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Game of Thrones can be counted on to deliver all kinds of good stuff—dragons, swords and sorcery, royal intrigue—but above all, every episode promises an emotional hour of entertainment. Thrones viewers are pretty much guaranteed to feel sorrow, despair, hopelessness, and above all, anger—and after these moments, many fans were left seeing red.
Sansa Stark’s wedding night
Let’s get one particularly brutal Thrones moment out of the way right up front. Fans were absolutely disgusted to see Sansa Stark assaulted by her new husband, Ramsay Bolton. Until this point, many viewers enjoyed how Sansa’s storyline diverged from the novels, as this gave her character some extra depth, but that changed with the season five episode “Unbowed, Unbent, Unbroken.” Fans not only felt the scene returned Sansa to a place where she’s a perpetual punching bag in the story, but many also argued that Game of Thrones just didn’t need to go there—there’s already enough horror and brutality in the show.
Jon Snow’s death
Jon Snow is one of the few likable Game of Thrones characters—in fact, he’s arguably the only heroic character in the entire series. So of course fans cried out in grief and outrage when he met his end in “Mother’s Mercy.” Almost immediately, they jumped from the second to the third step of grieving as the internet was overrun with theories explaining (hoping) that Jon wasn’t really dead—and those hypotheses continued spreading even after “The Red Woman” confirmed his death. As of this writing, his ultimate fate is unclear, but this is Game of Thrones: even if Snow returns, it may not be in a good or long-lasting way.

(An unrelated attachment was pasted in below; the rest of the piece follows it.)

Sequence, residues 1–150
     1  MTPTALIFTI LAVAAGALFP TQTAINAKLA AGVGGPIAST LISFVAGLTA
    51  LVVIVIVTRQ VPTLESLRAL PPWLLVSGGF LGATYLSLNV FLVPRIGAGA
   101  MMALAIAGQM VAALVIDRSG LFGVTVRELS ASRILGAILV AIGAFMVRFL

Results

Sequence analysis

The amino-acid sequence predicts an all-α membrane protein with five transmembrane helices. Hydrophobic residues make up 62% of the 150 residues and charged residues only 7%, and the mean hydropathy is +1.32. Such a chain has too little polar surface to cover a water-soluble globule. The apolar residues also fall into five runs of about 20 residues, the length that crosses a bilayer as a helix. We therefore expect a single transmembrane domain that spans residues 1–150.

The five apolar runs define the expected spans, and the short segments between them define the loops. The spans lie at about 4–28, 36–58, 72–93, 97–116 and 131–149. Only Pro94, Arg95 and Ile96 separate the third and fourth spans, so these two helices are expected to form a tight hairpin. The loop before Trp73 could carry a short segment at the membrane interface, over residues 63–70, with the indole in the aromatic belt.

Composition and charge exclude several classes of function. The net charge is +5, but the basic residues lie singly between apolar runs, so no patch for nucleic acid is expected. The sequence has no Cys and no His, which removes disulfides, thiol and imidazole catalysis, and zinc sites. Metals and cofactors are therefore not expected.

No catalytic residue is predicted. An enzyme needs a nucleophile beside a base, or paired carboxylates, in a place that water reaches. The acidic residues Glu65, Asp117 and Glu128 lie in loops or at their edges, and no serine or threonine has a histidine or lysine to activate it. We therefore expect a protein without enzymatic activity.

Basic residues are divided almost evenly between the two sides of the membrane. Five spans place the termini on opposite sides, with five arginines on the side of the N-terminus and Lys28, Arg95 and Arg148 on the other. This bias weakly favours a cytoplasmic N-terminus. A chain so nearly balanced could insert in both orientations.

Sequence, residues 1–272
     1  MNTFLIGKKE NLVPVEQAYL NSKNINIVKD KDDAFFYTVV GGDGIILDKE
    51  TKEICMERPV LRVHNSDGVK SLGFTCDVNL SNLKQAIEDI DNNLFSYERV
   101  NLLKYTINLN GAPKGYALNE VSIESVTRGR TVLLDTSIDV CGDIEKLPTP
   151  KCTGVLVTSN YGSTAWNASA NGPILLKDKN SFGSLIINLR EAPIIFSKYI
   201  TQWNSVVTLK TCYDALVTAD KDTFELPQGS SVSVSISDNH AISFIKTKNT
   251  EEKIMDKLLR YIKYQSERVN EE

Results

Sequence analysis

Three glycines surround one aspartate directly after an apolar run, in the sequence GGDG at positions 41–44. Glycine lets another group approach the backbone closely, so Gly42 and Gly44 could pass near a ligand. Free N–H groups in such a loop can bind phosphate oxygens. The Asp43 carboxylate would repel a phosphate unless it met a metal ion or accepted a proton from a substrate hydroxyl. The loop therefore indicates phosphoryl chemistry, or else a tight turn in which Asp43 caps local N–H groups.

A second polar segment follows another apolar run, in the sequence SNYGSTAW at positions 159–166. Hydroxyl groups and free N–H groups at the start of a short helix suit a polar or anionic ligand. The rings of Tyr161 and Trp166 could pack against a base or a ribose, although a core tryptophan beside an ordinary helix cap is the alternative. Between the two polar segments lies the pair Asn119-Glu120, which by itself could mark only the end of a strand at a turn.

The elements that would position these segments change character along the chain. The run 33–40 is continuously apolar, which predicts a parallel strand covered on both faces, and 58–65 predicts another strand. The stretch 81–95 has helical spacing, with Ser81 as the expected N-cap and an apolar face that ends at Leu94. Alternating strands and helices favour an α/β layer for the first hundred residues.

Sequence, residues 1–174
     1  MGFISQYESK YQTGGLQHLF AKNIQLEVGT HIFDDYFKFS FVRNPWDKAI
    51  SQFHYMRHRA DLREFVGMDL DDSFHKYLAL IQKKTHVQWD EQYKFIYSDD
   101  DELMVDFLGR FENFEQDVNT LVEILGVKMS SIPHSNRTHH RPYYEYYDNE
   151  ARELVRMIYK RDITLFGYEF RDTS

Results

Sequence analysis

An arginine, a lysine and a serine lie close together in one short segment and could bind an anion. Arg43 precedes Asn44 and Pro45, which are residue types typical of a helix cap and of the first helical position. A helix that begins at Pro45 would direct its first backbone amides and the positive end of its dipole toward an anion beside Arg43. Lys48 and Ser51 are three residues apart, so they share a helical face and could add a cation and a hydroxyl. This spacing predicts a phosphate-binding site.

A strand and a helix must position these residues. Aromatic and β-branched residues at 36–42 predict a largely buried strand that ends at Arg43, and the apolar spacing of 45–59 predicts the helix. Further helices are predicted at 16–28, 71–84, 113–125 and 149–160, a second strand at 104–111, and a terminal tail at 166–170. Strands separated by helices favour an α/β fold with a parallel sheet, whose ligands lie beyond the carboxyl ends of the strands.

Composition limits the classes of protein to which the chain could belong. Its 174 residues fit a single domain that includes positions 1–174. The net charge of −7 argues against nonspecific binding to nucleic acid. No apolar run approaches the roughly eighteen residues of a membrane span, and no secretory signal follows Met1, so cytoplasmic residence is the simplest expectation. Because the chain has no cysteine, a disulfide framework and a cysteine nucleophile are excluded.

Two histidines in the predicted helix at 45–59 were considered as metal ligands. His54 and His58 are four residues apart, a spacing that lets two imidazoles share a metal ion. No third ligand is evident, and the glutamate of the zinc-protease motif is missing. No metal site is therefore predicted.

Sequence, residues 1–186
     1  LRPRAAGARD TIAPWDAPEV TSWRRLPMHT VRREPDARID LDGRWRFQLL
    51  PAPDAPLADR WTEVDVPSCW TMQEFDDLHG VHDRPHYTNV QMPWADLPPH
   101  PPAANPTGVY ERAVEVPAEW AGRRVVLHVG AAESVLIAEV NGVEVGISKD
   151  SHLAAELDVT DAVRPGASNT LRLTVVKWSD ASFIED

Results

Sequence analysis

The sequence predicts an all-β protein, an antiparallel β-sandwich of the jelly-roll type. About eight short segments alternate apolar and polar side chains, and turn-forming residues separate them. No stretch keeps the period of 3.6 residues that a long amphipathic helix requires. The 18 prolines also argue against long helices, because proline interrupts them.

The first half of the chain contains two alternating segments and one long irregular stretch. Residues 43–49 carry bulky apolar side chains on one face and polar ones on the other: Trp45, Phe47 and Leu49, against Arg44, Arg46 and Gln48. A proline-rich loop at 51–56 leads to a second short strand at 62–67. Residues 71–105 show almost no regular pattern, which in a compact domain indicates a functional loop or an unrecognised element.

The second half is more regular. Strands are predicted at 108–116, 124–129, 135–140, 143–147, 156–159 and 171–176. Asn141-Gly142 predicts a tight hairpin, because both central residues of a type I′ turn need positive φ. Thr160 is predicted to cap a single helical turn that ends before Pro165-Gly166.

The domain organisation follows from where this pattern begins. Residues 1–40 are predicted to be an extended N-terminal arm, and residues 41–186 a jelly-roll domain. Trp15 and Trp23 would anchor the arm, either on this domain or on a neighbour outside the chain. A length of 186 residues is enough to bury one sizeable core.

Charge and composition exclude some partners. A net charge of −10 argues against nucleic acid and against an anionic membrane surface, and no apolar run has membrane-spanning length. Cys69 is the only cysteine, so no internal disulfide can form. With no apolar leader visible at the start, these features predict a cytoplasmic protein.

Cersei’s walk of shame
During Game of Thrones’ fifth season, Cersei Lannister ignited fans’ ire in “Mother’s Mercy”—twice. Viewers originally felt some angst for the brutality the nude Cersei endures as she walks through a crowd of angry Faith of the Seveners. But keen-eyed observers noticed something even more shocking than the violence of that scene—they caught Lena Headey using a body double, possibly Game of Thrones’ greatest crime. Fans felt duped by the CGI trickery, and they weren’t going to take it lying down. If a show’s going to depict a woman’s debasement, went the argument, that show had better use the actual actress.
Prince Oberyn’s death
Prince Oberyn’s offing in the season four episode “The Mountain and the Viper” left numerous fans shocked and appalled. Martell had all but won his duel against the Mountain, but instead of finishing the job, he let his mouth run a bit, which led to his cruel demise. Shortly thereafter, fans took to Twitter to voice their horror and sorrow, with one fan saying, “Wow I need to stop liking characters in #GameOfThrones cuz they all die.” With apologies for resorting to cliché, truer words have never been spoken.
The Red Wedding
Here’s one of those moments where George R. R. Martin seems to have thought “I’ll just kill everyone.” The Red Wedding, in both its book and television forms, irked fans not just because of who died, but for the buckets of blood that accompanied their deaths. The violence and body count truly disturbed numerous fans who tweeted things like, “I need a hug. I have never been so traumatized by a television show.” Of course, it gave the novels’ readers a chance to gloat over those who only watch the show. Snooty literati. Aside from provoking widespread outrage, the Red Wedding also inadvertently set up another upsetting moment for Game of Thrones fans.